Don’t have a birthday party for your running shoes
Appearances are often deceiving when it comes to running shoes.
By Aaron Dorksen – 3G Cardio Fitness Editor
With the technology and materials that companies have these days, they are able to manufacture running shoes that continue to look good for many years after their inner components have worn down.
Although everyone wears shoes down differently depending on their build, running style and how often they use them, Akron Marathon race director Brian Polen said there’s one rule of thumb, err foot, that applies to most everyone:
“Don’t have a birthday party for your running shoes,” he said.
“Running shoes don’t last forever,” said Polen, who has helped thousands of satisfied customers as co-owner of the Vertical Runner specialty running store in Wooster, Ohio. “You may run only on a treadmill, sidewalk or paved bike trails and those shoes may stay very clean.
“Shoes are made very robust and most of them are not going to blow out. The technology on the soles is getting so good that now they’re not even wearing out. You might look at your shoes and think, ‘Wow, these are in great shape. I don’t really need new ones.’”
That’s often not the case, though.
“There are a lot of components inside a running shoe with the cushion and the support and different pieces that make the shoe perfect for you that do wear out that aren’t really visible,” Polen said.
If you stay in a pair of running shoes for too long, unfortunately one of the first signs that they’ve worn out is getting injured.
“I’m sure most runners have experienced a situation where they have shoes they’ve run hundreds of miles in and really love, but all of a sudden they start hurting after runs,” Polen said. “They might start having trouble with pain in their knees, ankles or hips that they haven’t experienced before and can’t figure out why. There’s a good chance their shoes need to be replaced.”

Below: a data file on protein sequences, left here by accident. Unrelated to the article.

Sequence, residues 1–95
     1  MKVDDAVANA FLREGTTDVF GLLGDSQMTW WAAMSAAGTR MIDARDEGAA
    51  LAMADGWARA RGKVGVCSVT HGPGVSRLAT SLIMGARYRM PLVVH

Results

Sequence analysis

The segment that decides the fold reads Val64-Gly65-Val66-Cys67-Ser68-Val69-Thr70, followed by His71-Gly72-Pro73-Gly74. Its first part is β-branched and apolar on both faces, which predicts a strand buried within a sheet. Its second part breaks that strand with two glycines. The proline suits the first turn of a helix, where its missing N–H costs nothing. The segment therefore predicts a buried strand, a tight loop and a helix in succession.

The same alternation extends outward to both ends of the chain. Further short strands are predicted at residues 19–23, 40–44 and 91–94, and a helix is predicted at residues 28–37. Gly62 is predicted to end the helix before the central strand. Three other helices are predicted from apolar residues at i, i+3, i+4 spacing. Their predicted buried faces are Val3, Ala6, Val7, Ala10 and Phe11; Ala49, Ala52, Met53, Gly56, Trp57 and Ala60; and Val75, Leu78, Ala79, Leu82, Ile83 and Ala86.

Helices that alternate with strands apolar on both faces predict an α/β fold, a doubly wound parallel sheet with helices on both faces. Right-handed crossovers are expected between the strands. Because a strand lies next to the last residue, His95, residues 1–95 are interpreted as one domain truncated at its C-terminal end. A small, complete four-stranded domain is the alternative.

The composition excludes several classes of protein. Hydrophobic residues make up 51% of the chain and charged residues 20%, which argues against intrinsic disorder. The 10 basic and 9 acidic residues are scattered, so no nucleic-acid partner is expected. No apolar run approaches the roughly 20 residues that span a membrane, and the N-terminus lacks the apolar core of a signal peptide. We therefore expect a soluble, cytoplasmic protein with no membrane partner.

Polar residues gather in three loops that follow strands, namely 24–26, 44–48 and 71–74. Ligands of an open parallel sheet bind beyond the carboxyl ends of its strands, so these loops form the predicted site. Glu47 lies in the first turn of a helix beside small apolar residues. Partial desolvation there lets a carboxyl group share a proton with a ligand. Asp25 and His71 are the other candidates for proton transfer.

Polen said that an average runner who trains about three times a week for three or four miles each time should replace their running shoes after one year.
But, of course, not everyone is the same.
TRACK THE MILES ON YOUR SHOES
“Someone who’s a very efficient runner and has an ideal body type can run 1,000 miles on one pair of shoes,” Polen said. “I also know a runner who hits 265 miles and buys a new pair of shoes – there’s no way around it. If they even go up to 280 miles they end up with sore spots and pains.”
Once a person gets an idea what their wear pattern is for a pair of shoes, Polen suggests tracking the mileage that they put on their shoes. There are a lot of cool apps, but one of the easiest ways to track shoe use is to actually write the mileage on the shoe box each time you put them away after a run.
“If your knee or ankle starts hurting you can look and see the data on your shoe box, realize they’re at 400 miles and know you probably need a new pair of shoes,” Polen said.
To get more mileage out of shoes, Polen and many of his fellow runners and customers rotate several pairs at the same time.
“When you get to the half-life of your newer shoes, buy a second pair and rotate them,” Polen said. “You should always have a pair that’s about half-worn and one that’s pretty new. It will allow you to get both to last about 10-15 percent longer. The shoes wear out less quickly because it allows an extra day or two for the materials to go back to normal size and expand back to original cushioning.”
Polen, a veteran of many marathons and even 24-hour endurance races, is at the extreme end of the shoe carousel. He rotates about nine pairs of shoes as he averages running about 400 miles a month.
While it can be expensive to buy one or two pairs of running shoes per year, it’s a small price to pay compared to the alternative: getting injured and paying doctor’s bills.
3G Cardio fitness editor Aaron Dorksen’s blog deals with a variety of fitness topics, ranging from workout tips, motivational ideas and feature stories on how exercise impacts people’s lives. Consult a doctor before making any significant changes in your exercise routine or diet. E-mail him with comments, questions or ideas for future blogs at aaron@3Gcardio.com
Photos courtesy Brian Polen